Gigabyte Radeon HD 5870 Super Overclock

Last but not least we have Gigabyte’s top-end custom card, the 5870 Super Overclock. If the Sapphire Toxic is a card for buyers that just want a factory overclocked card, and the MSI Lightning is a card for serious overclockers, then the 5870 Super Overclock would best be described as fitting right in the middle of the two. It has the highest factory overclock of the cards we’re looking at today, but it also was designed for some overclocking by including voltage adjustment capabilities.

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Compared to the last Super Overclock card we saw, the 5870 Super Overclock is a far more custom card. If anything, while Gigabyte will never present it in that manner, it’s highly reminiscent of MSI’s previous generation of Lightning series cards. The Lightning series of cards are traditionally well-designed, so it’s a very good design to model a new card after.

Getting down to business, at the base of the Super Overclock is Gigabyte’s custom PCB, measuring 10.5” long. The Super Overclock is part of Gigabyte’s Ultra Durable VGA family, with Gigabyte advertising that there’s 2 ounces of copper in the PCB. On the back side of the card are 6 LED lights representing the VRM power phases, and on the front side are voltage check points.

Unfortunately the implementation of the voltage check points makes them nearly useless – unlike MSI who provides cables for accessing the voltage check points on the Lightning, on the Super Overclock the voltage check points are merely very small contact points on the card itself. We have our doubts over whether anyone can easily reach these points, and it strikes us as a major oversight to not ape MSI all the way here.

Moving on, component selection is similar to the other cards in our roundup. Trademark to their Ultra Durable line, Gigabyte is using solid state chokes and solid capacitors throughout the card. Also on the card are NEC Tokin Proadlizer decoupling capacitors, which Gigabyte is using along with MSI. Gigabyte makes this a significant marketing point, clearly advertising that they are using 5 of them, with all 5 laid out in an obvious manner on the back of the card. This also gives us an excellent opportunity to see a Proadlizer up close – at first glance they’re easy to mistake for a GDDR5 chip.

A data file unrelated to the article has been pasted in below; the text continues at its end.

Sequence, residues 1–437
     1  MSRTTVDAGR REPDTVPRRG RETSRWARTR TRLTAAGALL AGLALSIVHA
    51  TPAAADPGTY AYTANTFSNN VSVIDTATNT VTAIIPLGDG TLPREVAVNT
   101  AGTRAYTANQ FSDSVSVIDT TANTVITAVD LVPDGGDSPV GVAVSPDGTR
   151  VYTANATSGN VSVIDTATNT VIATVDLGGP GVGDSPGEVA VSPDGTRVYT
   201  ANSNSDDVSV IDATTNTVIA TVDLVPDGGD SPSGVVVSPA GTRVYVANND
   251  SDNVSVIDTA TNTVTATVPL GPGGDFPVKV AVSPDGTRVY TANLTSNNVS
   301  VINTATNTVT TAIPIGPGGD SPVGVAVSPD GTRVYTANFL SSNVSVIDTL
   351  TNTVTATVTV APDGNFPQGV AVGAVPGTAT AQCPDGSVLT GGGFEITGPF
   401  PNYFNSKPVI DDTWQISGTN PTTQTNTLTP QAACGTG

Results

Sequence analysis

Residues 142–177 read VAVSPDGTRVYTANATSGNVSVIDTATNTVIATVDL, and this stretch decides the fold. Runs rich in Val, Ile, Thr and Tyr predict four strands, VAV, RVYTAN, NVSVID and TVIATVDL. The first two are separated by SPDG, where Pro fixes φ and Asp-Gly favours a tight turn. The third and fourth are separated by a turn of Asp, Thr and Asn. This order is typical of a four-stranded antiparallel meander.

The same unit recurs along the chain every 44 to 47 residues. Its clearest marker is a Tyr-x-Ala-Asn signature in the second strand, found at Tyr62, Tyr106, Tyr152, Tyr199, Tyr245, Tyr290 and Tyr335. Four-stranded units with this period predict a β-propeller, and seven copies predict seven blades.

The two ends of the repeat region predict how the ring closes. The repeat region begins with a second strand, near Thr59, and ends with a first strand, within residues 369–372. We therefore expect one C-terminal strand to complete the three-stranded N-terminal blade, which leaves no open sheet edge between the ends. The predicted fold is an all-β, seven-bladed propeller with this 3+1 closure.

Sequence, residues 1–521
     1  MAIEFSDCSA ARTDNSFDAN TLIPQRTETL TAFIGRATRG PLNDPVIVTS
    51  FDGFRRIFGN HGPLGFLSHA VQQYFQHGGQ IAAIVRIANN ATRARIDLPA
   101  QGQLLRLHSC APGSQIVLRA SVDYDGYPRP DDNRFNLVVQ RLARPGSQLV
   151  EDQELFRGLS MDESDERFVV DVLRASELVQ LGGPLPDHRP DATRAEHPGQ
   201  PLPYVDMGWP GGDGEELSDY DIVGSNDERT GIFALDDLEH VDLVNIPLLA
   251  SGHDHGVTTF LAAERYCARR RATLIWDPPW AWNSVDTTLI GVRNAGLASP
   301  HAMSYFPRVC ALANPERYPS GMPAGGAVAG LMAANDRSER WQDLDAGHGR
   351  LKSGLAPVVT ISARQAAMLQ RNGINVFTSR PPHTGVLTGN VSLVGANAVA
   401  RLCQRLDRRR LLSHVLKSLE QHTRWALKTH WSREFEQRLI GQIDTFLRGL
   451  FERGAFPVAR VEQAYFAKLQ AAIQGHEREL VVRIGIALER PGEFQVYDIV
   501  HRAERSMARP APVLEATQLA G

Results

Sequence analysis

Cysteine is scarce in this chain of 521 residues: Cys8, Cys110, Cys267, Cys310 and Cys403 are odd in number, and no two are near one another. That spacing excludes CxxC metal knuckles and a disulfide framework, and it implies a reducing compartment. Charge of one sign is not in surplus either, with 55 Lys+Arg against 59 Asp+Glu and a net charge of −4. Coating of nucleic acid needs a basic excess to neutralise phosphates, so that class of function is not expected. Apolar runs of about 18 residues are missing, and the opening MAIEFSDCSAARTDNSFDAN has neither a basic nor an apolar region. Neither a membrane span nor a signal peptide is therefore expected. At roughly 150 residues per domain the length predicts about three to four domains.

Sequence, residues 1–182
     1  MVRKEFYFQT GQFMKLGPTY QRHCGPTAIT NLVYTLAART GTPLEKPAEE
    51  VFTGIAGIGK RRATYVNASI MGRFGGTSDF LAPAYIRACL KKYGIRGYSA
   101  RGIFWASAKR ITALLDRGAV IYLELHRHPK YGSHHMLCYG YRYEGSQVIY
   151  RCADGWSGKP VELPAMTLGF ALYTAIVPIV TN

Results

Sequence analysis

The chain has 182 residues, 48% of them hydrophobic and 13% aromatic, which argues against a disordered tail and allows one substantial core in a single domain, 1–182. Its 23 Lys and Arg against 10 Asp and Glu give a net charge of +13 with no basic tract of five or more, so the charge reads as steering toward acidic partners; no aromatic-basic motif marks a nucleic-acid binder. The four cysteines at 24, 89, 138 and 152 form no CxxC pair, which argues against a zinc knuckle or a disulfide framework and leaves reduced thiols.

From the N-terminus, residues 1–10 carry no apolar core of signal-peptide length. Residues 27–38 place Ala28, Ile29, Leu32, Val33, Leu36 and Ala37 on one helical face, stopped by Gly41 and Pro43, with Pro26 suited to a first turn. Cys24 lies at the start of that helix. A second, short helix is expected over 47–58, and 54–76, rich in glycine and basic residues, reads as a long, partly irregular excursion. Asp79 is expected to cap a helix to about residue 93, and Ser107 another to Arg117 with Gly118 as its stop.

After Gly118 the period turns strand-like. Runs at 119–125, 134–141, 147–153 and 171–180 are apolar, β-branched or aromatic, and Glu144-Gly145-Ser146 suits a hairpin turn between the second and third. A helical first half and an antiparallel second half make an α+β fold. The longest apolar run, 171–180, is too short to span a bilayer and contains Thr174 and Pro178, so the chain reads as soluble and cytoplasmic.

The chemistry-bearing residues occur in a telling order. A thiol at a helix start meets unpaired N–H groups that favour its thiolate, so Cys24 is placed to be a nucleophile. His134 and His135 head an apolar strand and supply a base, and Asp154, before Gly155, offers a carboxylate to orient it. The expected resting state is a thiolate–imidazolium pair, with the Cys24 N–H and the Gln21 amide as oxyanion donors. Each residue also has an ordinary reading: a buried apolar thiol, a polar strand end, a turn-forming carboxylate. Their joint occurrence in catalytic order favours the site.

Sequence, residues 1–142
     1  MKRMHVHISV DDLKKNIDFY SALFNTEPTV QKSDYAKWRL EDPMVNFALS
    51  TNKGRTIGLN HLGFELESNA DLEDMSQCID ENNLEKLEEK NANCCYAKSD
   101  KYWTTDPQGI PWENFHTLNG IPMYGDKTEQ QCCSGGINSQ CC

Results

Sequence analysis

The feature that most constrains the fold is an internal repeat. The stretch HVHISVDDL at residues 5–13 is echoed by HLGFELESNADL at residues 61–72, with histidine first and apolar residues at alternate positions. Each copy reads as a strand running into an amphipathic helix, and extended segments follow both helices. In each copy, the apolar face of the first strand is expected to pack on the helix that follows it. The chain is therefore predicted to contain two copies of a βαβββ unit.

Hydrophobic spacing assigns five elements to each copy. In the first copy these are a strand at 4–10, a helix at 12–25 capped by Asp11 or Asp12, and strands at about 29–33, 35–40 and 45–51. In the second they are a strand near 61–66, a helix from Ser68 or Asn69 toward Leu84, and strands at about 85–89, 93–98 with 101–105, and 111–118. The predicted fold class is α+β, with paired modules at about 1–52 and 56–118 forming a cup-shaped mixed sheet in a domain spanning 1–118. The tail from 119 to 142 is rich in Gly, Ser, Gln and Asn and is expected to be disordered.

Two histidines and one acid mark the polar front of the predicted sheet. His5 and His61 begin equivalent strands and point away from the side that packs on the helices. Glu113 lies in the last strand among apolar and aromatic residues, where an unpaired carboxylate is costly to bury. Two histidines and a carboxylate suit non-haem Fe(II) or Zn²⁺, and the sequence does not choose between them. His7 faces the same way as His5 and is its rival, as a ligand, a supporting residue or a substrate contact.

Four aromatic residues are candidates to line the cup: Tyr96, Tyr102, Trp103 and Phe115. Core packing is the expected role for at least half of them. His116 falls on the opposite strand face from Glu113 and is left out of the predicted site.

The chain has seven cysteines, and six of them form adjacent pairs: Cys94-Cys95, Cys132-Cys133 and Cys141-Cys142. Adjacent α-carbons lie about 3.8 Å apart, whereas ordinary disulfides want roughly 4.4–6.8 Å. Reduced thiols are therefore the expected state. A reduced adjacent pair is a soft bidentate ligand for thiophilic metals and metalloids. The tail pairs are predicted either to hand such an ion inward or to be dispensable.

Powering the card is a pair of 6pin PCIe sockets. Although 8pin power sockets aren’t a necessity for overclocking, this along with the smaller number of VRM phases are the two strongest signs that Gigabyte is not targeting the extreme overclocker quite like MSI is.

For cooling Gigabyte is using an assembly that strongly resembles MSI’s Twin Frozr, making this the other reason we keep comparing the Super Overclock to the Lightning series. At the base is a card-sized heatsink with 4 heatpipes attaching the heatsink to the baseplate over the GPU, and over that a pair of 80mm fans with a partial cover. Interestingly unlike MSI who orients their fans parallel to the card, Gigabyte has slightly tilted the fans on the Super Overclock so that they face the center of the card. Gigabyte cites this as being done to minimize turbulence; however we don’t have any practical way to confirm that. Meanwhile the entire cooler is partially covered, directing the bulk of the airflow towards the front and rear of the card. So like every other card in this roundup, you’ll want a well-ventilated case for this card.

As we mentioned previously a big part of this card is the factory overclock. Gigabyte is shipping the card with a 950MHz core clock and 1.25GHz (5GHz effective) memory clock, making the Super Overclock the fastest factory overclocked 5870 that we’re aware of. This gives the Super Overclock a solid 100MHz (12%) over the reference 5870 on the core clock, and more petite 50MHz (200MHz effective, 4%) overclock on the memory.

Much of this comes down to Gigabyte’s extra binning of their chips through their GPU Gauntlet binning process, which allows them to sell completed boards as various products (Ultra Durrable, Overclock, Super Overclock) depending on the speed the complete board can reach. Unfortunately Gigabyte is using a non-standard VRM controller here and so we can’t read the core voltage with tools such as GPU-Z, but we believe the card ships at 1.18v.

Finally for the hardware side of things, as with the rest of the cards in our roundup today, Gigabyte is using the standard Eyefinity port configuration: 2xDVI, 1x DP, and 1x HDMI.